This week it was announced that, in honour of Chadwick Boseman’s death, his film 42 would be released in cinemas again. As cynical as I might be about the move, it is a wonderful way to celebrate his work as an actor. It was also a great excuse for me to watch it for this review. I have to be honest, I’m no fan of sports movies. Well, aside from The Mighty Ducks, Little Giants and Space Jam. It’s mostly because I don’t really care about sports. I can think of thousands of things that I’d rather be doing than sitting down and watching people kick/throw/hit a ball around a pitch. It’s not so surprising that one of those things isn’t sitting down and watching a formulaic film about people kicking/throwing/hitting a ball around a pitch. And I don’t know anything about baseball. It’s just complicated rounders. However, it felt like the right thing to do.
Before 1947, there was an unspoken agreement within Major League Baseball that the sport would remain segregated. Although there was no official policy stopping them, Black men were prevented from reaching the higher levels of the sport. Black baseball players were forced to form their own leagues in order to play. The turning point came in 1945 when Branch Rickey, Manager of the Brooklyn Dodgers, anticipated the eventual integration of Black players in MLB. Rickey signed Jackie Robinson with the intention of having him play for the Dodgers. It was a controversial move but Robinson proved himself. His skills on the field saw him earn the title of Rookie of the Year. This was while being faced with racial slurs and death threats.
Jackie Robinson was not just a great baseball player but he was a turning point in race relations. Robinson was the first Black player to cross the colour line of the sport. He made the first step towards reshaping the landscape of baseball. He’s a sporting hero and a man who deserves to be celebrated. It’s no wonder they wanted to make a film about him. And what better person could they get to play him than Chadwick Boseman? This was back when Boseman was a relative newcomer and he brings a great energy to the role. He is stoic but there is an obvious drive and determination there. You get the sense that Boseman is wary of and excited by the importance of this figure. You instantly warm to Jackie despite his cocky attitude on the field. Mostly because he’s got he skills to back it up.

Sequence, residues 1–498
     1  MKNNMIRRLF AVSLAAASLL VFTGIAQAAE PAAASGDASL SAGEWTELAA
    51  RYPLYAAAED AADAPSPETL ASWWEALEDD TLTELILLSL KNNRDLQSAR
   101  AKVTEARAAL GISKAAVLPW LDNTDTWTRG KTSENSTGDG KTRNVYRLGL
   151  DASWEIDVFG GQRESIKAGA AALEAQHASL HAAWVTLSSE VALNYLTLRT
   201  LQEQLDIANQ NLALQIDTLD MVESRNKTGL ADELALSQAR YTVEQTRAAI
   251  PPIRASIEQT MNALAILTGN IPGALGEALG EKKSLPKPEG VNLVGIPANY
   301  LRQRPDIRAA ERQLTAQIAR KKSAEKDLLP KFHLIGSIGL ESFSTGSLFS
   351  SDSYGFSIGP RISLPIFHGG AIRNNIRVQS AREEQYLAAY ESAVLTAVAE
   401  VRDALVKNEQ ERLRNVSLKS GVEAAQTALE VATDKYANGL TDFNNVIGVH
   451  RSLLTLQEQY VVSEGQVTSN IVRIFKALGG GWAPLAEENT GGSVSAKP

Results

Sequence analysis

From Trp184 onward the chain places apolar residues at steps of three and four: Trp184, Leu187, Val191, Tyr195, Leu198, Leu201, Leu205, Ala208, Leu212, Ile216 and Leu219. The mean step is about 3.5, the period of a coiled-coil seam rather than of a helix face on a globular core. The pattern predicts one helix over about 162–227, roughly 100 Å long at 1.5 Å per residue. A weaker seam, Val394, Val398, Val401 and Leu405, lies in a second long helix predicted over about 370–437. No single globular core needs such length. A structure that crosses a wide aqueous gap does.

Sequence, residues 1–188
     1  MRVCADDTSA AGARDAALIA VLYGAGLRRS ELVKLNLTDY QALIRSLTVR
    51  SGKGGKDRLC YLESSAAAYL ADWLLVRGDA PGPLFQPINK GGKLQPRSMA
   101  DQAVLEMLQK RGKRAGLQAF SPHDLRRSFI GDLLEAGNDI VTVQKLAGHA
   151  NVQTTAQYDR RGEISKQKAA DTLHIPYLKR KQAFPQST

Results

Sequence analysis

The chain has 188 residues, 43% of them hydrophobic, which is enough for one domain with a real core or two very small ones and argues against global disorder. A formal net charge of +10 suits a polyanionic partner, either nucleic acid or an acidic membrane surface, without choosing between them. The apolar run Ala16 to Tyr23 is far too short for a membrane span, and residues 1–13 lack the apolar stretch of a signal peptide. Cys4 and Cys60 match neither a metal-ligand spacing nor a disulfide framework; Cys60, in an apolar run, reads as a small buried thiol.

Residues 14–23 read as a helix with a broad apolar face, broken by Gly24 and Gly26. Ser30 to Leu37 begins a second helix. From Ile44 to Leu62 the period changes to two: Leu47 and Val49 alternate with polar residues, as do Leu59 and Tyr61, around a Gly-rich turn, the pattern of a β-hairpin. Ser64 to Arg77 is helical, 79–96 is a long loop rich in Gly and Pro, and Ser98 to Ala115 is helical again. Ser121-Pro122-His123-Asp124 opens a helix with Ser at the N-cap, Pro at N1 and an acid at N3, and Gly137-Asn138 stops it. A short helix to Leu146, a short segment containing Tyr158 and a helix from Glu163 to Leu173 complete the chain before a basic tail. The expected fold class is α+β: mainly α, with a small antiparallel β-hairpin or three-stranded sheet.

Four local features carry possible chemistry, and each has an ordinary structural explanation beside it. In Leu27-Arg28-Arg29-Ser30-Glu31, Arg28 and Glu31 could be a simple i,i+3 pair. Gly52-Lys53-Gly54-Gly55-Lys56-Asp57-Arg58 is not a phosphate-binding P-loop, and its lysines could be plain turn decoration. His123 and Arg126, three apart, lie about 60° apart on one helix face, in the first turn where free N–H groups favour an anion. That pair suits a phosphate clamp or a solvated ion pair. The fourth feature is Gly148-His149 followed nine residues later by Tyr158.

After a quick glimpse at Wikipedia, I’m assured that there are several small historical inaccuracies within this film but that’s to be expected. What is clear, is that this film has been made very carefully to really celebrate the man in the middle of it all. It’s a serious and straight film that never strays too far to the lighter side but it still brings a charm and a joy to it. It also has that same reverence for the game that all baseball movies do. 42 buys into the mythology as much as the next one but it’s also to be expected. Americans and baseball; it’s a deep love.
Although, this isn’t exactly a game about baseball itself. The games aren’t really meant to show off the players doing their thing but to show the reaction that Jackie faces. At every game, we see the crowds turn on him and the opposing team doing everything they can to take him out. It’s a film that isn’t afraid to show how dark side to the sport’s past. This film makes fitting viewing for modern times thanks to its overt social commentary. In one scene, a young boy waits to see his hero play but, when the home crowd start jeering at Robinson, he is persuaded to join in the racist chanting. Just a simple reminder that racist attitudes aren’t born but passed down from generation to generation.
What I enjoyed most abut this film is that, despite all of the great social commentary, it isn’t trying to romanticise history. It is very clear that the decision to bring Robinson onto the team wasn’t one of great social or political defiance. It was one that was mostly wanted to capitalise on the changing tides. Harrison Ford is fantastic as Rickey. He brings a gentle charm to the role but also a ruthlessness. He is, after a businessman and he knows that Jackie can play. It it’s own way 42 is highlighting the idea that there is no difference between him and the other players. Ultimately, they all just want to win.
Still, the message is clear. Jackie Robinson was an American hero for many reasons. The film lifts him up and ensures that there can be no doubt of how important he was. Whatever the reason. Did he perhaps deserve a better film? Some might think so but I enjoyed it. I certainly fell for all of the usual manipulative tricks and cried my eyes out at the end. So, I guess I can say that it did its job right.
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